At Payne & Fears’ Urging, Illinois Federal Court Dismisses Hostile Coverage Action

Mar 18

Payne & Fears (P&F) achieved another significant victory this week on behalf of a national homebuilder by securing the dismissal of a coverage action filed by its subcontractor and insurer in a hostile forum.

The client-homebuilder’s subcontractor’s liability insurer agreed to defend the client-homebuilder as an additional insured against a construction defect lawsuit pending Texas. The subcontractor filed a declaratory judgment action against its insurer in Illinois seeking a ruling that its insurer had no duty to defend the client-homebuilder in the Texas lawsuit. Unlike Texas law, under Illinois law property damage from defective construction is not a covered “occurrence” under general liability policies. The insurer brought the client-homebuilder into the Illinois action as a third-party defendant.  P&F filed a motion to dismiss the entire Illinois action because (1) Illinois courts lack personal jurisdiction over the client-homebuilder and (2) the client-homebuilder was a necessary party to the action without whom the case could not continue.

The U.S. District Court for the Northern District of Illinois granted P&F’s motion (L&W Supply Corp. v. Alabaster Ins. Co., et al. N.D. Ill. Case No. 1:20-cv-03265 (March 18, 2021 Memorandum Opinion and Order)) and dismissed the action. The court found that the insurer had not met its prima facie burden of establishing the court’s personal jurisdiction over the client-homebuilder and that the client-homebuilder was a necessary party to the action because the relief requested by the subcontractor could not be obtained without affecting the client-homebuilder’s rights to insurance coverage.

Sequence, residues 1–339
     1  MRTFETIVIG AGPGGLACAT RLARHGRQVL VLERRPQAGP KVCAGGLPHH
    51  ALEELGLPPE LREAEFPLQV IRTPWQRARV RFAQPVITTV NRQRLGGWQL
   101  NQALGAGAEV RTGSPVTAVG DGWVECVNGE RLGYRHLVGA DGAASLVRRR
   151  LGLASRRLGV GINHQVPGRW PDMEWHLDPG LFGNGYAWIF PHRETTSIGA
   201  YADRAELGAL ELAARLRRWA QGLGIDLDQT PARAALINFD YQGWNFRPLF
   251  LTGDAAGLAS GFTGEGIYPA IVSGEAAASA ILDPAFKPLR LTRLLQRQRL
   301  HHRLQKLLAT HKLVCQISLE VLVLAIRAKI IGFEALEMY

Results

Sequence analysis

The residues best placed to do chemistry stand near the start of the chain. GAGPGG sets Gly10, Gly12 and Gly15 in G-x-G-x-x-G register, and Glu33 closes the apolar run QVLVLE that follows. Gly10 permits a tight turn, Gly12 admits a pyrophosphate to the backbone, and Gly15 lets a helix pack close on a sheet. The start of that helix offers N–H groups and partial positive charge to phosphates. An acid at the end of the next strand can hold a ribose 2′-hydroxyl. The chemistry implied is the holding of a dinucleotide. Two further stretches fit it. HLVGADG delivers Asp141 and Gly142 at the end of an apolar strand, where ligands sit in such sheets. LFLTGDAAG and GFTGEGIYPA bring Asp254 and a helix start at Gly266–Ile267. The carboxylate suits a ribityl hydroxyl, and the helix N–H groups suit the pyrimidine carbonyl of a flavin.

Scott Thomas and Sarah Odia briefed the successful motion.

This case illustrates an important strategic issue that insureds ignore at their peril: Insureds need to be aware of jurisdictional and choice-of-law considerations when sued by their insurers so they can avoid what could be an unfortunate result if they do not challenge jurisdiction and they end up litigating coverage in a state (like Illinois) whose coverage laws are unfavorable to insureds. Although choice-of- law issues were not decided in this case, the forum in which your coverage action is litigated could have a significant impact on the outcome.

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